A plugin for the X-Plane flight simulator, using the awesome SASL Lua adapter for writing X-Plane plugins. Randomly generates mission briefings, follows your flight, gives detailed debriefings, and lets you level up with experience points. My first commercial project, being sold on the X-Plane.org store. (Status: released)
Play and record audio from Python as Numpy arrays, using the native audio libraries of Linux, Windows, and macOS. My third attempt at cross-platform audio in Python. This grew out of my frustration with existing cross-platform audio libraries, because I wanted correct default sound cards and channel maps and convenient sound card selection. Watch me talk about this on EuroScipy 2017 (Youtube). Install using
pip install soundcard. (Status: alpha, but getting there)
Call Matlab code from Python, without fighting it. Uses ZeroMQ sockets and includes a complete MessagePack and JSON parser in Matlab, because Matlab does not support any of these natively. And since Matlab is started safely in a subprocess, you can even crash Matlab without sacrificing your Python. Install using
pip install transplant. (Status: mature)
Keep a journal as one org file per day. And if you want, carry TODO items with you until they are DONE, search your journal quickly even if it has thousands of files, and add future journal entries to remember appointments. Integrates with the agenda and the calendar. Install using
(package-install 'org-journal). (Status: mature and ever expanding)
The engine this blog is built upon. A very simple collection of org files get transformed into static HTML and CSS, without any external dependencies beyond Emacs itself. (Status: works for me)
Run many tasks in parallel, even if they crash, kernel panic, and wreak havoc. If you run enough scientific code, your processes will crash, leak memory, exhaust file descriptors, and destroy your file system. To stay sane anyway, runforrest runs every task in its own process, and saves everything to disk the moment it is done. Very simple, because simplicity is your only defense against the inhuman terror that is scientific code. (Status: easy to debug)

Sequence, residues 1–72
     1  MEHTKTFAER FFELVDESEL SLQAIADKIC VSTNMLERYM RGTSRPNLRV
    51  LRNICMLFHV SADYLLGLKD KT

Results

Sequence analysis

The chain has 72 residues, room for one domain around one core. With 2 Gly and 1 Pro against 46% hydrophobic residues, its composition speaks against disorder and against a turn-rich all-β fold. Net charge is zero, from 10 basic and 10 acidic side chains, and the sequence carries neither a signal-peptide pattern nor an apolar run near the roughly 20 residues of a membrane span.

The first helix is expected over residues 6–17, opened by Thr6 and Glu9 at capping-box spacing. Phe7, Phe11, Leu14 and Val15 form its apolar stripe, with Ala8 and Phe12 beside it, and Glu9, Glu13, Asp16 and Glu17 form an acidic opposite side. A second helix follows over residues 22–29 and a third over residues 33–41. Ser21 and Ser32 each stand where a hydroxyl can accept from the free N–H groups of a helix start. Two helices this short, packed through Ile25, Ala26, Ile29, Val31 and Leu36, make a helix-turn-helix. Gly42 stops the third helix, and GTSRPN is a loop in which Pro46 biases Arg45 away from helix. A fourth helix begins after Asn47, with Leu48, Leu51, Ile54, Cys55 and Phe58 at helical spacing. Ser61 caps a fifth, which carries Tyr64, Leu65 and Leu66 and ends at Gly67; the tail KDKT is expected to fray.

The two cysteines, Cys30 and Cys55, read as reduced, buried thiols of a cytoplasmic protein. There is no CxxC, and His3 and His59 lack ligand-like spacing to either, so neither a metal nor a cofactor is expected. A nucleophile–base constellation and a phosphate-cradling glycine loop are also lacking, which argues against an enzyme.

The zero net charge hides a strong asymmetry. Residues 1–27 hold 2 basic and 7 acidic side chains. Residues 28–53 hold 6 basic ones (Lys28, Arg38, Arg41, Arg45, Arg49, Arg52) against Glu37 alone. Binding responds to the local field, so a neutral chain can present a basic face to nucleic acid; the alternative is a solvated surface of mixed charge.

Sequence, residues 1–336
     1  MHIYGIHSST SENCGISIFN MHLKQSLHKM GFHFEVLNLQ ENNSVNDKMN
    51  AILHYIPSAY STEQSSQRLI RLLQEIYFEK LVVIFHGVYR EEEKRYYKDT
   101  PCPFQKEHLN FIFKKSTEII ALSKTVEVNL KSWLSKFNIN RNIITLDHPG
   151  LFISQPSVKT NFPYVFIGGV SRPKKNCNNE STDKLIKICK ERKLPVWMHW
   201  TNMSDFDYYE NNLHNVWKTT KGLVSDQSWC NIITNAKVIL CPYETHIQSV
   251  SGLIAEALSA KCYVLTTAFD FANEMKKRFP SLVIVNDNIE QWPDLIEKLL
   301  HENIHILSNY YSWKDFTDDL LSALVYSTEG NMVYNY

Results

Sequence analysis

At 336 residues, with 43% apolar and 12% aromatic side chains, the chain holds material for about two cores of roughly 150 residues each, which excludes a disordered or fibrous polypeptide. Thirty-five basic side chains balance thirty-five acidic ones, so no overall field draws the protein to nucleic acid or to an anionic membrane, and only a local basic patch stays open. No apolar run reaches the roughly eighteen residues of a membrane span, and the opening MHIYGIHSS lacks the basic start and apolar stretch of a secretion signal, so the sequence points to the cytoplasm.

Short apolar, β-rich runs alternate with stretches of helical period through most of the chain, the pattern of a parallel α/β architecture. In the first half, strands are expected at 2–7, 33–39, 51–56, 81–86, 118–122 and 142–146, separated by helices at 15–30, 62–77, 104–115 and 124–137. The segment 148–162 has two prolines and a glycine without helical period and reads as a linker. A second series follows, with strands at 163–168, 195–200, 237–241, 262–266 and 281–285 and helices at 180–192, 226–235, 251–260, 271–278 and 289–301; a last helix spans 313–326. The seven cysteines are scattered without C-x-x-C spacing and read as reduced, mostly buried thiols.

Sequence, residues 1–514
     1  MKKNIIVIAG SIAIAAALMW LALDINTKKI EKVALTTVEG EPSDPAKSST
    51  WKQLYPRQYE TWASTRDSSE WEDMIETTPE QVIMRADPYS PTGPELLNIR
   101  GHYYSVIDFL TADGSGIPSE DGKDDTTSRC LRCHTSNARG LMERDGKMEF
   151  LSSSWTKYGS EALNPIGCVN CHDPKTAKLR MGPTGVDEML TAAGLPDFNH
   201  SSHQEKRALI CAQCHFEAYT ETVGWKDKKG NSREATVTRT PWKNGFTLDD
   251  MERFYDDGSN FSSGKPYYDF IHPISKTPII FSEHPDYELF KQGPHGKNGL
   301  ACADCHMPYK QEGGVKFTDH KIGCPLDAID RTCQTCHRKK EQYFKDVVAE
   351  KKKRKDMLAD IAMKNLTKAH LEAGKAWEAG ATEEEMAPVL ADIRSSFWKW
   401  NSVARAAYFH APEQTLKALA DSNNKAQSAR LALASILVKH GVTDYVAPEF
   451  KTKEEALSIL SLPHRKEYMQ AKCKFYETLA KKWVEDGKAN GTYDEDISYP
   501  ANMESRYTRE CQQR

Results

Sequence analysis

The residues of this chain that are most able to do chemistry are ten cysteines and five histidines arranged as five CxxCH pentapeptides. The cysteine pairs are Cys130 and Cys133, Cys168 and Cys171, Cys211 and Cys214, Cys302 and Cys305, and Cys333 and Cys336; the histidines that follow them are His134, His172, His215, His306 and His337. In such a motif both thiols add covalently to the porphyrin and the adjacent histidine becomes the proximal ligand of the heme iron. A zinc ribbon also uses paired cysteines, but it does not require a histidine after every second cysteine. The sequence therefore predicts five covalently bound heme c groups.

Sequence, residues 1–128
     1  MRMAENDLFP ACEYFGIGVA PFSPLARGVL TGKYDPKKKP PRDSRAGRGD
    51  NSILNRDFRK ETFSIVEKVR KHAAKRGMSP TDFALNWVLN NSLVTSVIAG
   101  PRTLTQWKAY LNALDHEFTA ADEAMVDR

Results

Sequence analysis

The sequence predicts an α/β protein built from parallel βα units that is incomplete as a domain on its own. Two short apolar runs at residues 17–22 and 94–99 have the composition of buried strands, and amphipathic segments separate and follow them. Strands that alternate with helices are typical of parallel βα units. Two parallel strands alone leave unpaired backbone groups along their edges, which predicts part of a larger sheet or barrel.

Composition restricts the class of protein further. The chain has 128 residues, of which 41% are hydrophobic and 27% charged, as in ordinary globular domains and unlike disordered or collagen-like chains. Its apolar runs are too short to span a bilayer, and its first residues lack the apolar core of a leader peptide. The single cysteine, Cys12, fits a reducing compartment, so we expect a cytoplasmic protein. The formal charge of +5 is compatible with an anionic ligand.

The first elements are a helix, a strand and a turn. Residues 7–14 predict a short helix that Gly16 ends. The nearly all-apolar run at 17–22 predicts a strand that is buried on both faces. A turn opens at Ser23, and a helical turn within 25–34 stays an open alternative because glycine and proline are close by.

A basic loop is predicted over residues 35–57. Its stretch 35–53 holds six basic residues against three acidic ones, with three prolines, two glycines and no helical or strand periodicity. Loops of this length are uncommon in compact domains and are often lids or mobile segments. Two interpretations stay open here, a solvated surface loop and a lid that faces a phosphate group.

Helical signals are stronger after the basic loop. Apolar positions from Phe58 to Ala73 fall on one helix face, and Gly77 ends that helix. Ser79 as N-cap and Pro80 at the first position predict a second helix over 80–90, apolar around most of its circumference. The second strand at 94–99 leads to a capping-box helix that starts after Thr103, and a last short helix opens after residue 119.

Store collections of binary data as collections of files, with JSON metadata. Something like HDF, but thread safe and easy to browse and debug. (Status: beta)
Back up your data with rsync, and keep different numbers of hourly, daily, weekly, and monthly copies. (Status: use at your own risk. Works, though)
A simple pomodoro timer, with a pretty canvas animation of a rotating tomato, and local storage for keeping track of your past pomos. (Status: mature)
A video series explaining the use of Qt for Python by building a small GUI application. In German, because that's the language I teach in. (Status: released)
Pitch of Voiced Speech in the Short-Time Fourier Transform: Algorithms, Ground Truths, and Evaluation Methods
or Speech has a Pitch, but what is Pitch Anyway?
My dissertation started from the design of a pitch estimation algorithm, originally destined for quite a different task. Surprisingly, I found the true scientific challenge not the algorithm itself but how to evaluate its accuracy: Traditionally, pitch estimation algorithms are evaluated against a ground truth that is just assumed to be accurate. Pitch is a human perception, not a measurable, physical quantity. As it turns out, these ground truths are based on pitch estimation algorithms themselves, and often ones derived from laryngograph measurements instead of acoustic recordings, which are not ideal for the task. Furthermore, the error measures used for evaluating pitch estimation algorithms are woefully inadequate.